they come pretty tall and well coordinated in the Baltics, considering their
success in the European Basketball Championship (now known as EuroBasket).
Lithuania won twice in the 1930’s and took gold again in 2003, but the very
first champion was Latvia. Profoundly unheralded, the scrappy long-shots
shocked the continent in 1935. It was a great Latvian triumph on the eve of
great tragedy for many nations, Latvia included. With Russia once again
menacing its neighbors, it is a fitting time to revisit one of the greatest
moments of Latvian sporting history in Aigars Grauba’s Dream Team 1935 (trailer here), which screens during Panorama Europe at
the Museum of the Moving Image.
was a different game in 1930’s Europe. A jump ball followed every successful bucket
and free throws were shot granny-style, but it was still handy to have an
enforcer on the team. Vlademars Baumanis understands this only too well. Initially,
the player-coach loses the Latvian championship because of some thuggish play.
However, the victorious coach declines to take his team to the European
championship, because the corrupt national sports committee has already squandered
the ear-marked funds. While protesting to anyone who will listen, Baumanis accepts
an instantly regretted dare to cobble together his own national team, trading
in his uniform for a suit and tie.
rivals from both the Army and University Clubs will come together to represent
Latvia, but it will take time to congeal as a true team. At least they will be
in the best shape of the careers, thanks to relentless conditioning coach
Rihards Deksenieks. Baumanis is a master strategist (at least by 1930’s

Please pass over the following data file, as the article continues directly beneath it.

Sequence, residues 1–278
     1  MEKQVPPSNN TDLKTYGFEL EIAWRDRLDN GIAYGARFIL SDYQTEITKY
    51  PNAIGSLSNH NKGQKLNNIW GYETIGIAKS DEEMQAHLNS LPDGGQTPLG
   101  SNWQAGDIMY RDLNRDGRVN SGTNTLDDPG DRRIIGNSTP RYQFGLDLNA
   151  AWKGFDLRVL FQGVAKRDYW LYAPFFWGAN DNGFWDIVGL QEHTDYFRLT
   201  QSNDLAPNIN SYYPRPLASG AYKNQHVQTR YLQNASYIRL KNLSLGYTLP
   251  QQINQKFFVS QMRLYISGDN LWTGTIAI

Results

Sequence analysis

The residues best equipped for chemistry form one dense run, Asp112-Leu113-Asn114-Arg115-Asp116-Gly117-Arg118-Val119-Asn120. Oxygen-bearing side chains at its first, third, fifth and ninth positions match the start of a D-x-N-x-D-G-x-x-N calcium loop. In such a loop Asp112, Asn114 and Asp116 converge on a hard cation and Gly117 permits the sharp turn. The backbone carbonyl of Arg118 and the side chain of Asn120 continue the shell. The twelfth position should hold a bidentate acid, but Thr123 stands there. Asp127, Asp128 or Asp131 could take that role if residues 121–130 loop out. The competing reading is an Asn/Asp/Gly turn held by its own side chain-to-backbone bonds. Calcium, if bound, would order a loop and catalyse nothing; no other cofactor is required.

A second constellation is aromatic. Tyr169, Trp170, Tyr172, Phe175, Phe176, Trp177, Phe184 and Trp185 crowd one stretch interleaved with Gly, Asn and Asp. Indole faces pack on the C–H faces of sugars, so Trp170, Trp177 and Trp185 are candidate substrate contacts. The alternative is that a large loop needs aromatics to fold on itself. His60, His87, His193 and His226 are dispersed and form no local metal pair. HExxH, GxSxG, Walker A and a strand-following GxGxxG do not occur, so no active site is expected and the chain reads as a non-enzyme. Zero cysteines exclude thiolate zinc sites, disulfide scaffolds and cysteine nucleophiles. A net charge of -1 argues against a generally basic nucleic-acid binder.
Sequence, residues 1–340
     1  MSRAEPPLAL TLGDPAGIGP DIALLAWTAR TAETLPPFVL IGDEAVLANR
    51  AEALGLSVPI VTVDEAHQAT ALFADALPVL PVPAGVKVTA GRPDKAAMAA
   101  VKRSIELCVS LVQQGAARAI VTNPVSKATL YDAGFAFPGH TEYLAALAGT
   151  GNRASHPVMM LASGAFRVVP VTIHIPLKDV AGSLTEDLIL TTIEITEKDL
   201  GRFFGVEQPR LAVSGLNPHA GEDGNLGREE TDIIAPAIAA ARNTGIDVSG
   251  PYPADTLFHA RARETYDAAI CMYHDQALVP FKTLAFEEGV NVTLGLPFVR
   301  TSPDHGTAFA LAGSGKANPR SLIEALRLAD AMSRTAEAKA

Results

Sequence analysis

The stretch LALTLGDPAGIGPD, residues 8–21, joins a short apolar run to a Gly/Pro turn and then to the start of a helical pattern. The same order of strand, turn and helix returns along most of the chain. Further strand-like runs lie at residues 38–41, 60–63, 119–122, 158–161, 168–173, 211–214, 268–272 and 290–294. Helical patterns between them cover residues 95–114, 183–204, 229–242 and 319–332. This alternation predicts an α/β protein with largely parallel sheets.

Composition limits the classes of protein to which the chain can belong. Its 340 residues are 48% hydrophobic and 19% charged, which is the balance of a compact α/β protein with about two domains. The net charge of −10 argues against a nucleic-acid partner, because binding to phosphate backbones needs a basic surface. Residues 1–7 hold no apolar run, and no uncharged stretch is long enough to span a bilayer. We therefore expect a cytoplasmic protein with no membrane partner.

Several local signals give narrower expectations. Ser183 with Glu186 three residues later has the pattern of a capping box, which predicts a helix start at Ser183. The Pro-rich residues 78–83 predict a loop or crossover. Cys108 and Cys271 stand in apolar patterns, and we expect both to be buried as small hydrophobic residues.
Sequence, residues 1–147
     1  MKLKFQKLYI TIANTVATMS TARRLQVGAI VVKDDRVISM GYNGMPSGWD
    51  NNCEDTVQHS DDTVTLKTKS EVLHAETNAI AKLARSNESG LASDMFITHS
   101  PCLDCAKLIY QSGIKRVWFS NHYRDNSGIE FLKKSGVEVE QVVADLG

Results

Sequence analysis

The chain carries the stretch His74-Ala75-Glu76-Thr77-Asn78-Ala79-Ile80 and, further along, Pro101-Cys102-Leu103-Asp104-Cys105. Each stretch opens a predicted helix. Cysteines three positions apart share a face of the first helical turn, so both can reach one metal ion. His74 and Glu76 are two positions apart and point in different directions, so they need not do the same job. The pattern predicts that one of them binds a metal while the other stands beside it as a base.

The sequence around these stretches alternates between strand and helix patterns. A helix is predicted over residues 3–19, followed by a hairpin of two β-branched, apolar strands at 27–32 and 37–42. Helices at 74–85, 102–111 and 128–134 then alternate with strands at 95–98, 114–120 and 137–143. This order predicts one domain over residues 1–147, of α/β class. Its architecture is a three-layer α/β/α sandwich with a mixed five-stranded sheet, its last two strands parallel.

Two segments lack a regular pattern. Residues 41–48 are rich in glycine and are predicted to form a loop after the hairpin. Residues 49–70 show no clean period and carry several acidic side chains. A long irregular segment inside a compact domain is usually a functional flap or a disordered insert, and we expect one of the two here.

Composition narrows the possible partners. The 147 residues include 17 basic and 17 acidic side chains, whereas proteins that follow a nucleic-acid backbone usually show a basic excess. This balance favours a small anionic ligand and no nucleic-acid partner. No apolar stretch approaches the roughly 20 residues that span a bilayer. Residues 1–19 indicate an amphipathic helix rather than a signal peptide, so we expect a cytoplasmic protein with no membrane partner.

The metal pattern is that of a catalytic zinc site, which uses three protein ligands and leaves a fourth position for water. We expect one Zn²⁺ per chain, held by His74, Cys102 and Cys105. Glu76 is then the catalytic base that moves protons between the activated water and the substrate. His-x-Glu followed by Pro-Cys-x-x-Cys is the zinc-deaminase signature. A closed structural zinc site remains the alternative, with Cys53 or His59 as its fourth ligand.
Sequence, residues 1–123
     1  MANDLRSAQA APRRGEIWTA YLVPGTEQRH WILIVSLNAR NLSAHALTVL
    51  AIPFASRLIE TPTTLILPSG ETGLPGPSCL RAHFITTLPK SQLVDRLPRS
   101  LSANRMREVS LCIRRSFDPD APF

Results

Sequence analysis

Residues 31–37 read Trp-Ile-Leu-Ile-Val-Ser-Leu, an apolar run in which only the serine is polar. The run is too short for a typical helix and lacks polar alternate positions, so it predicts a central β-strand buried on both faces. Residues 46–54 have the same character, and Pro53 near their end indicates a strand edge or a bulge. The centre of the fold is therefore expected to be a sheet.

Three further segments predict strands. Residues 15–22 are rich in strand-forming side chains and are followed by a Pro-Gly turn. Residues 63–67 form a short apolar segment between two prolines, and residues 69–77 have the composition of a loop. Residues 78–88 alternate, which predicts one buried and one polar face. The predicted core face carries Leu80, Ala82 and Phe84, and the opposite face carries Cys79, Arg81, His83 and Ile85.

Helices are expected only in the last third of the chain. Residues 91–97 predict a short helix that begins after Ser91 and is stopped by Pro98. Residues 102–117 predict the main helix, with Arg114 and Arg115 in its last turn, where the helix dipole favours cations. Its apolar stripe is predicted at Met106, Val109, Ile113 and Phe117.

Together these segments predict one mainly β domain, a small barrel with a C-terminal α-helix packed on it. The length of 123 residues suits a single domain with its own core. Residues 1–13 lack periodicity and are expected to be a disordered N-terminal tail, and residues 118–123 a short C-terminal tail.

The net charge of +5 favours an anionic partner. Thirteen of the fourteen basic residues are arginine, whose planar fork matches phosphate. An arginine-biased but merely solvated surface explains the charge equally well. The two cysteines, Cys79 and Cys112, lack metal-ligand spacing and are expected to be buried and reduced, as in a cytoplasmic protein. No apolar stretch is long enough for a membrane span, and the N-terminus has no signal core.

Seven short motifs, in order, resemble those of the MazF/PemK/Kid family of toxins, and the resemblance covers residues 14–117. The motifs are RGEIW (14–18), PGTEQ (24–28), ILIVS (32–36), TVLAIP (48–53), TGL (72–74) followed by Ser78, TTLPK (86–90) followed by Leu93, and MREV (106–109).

standards) and the Latvia team has considerable skills, but just getting to
Geneva will be an adventure thanks to the obstructionist sports committee.
Dream Team is a reliably
entertaining underdogs-triumphant sport story, with some nicely rendered period
details and a peppy big band soundtrack. Many basketball fanatics will probably
be amused by the decidedly less glamorous style of play. Yet, Dream Team features one of the most devastating
series of what-happened-to post-scripts of nearly any film. It turns out nearly
every coach and player met a tragic end either as Soviet or National Socialist
conscripts (sometimes both) during the war or in Soviet gulags afterward. (Nearly
eighty years later, history threatens to repeat itself, as Russia once again
casts a covetous eye on the Baltic Republics.)
Amanis is a bit stiff as Baumanis, but he certainly looks earnest. In contrast,
Vilis Daudzins plays Deksenieks with hardnosed charisma, while Marcis Manjakovs
convincingly portrays the maturation of Latvia’s star player, Rudolfs Jurcins.
Unfortunately, there is not much for Inga Alsina to do as Baumanis’s wife
Elvira, except sitting around, having faith in him.
As a sports film, Dream Team is more successful than most. Despite the end never
being in doubt, it moves along briskly and captures the tenor of the game as it
was then played. It also suddenly feels uncomfortably topical given the
ultimate fate of most of the team. It would make a good narrative companion to
Marius Markevicius’s uplifting documentary, The Other Dream Team, chronicling the 1992 Olympic run of newly independent
Lithuania’s men’s basketball team. Recommended for basketball fans and those
who closely follow political and cultural developments in post-Soviet Eastern
Europe, Dream Team 1935 screens this
Sunday (4/6) at MoMI as part of Panorama Europe.
Labels: Latvian Cinema, Panorama Europe '14, Sports films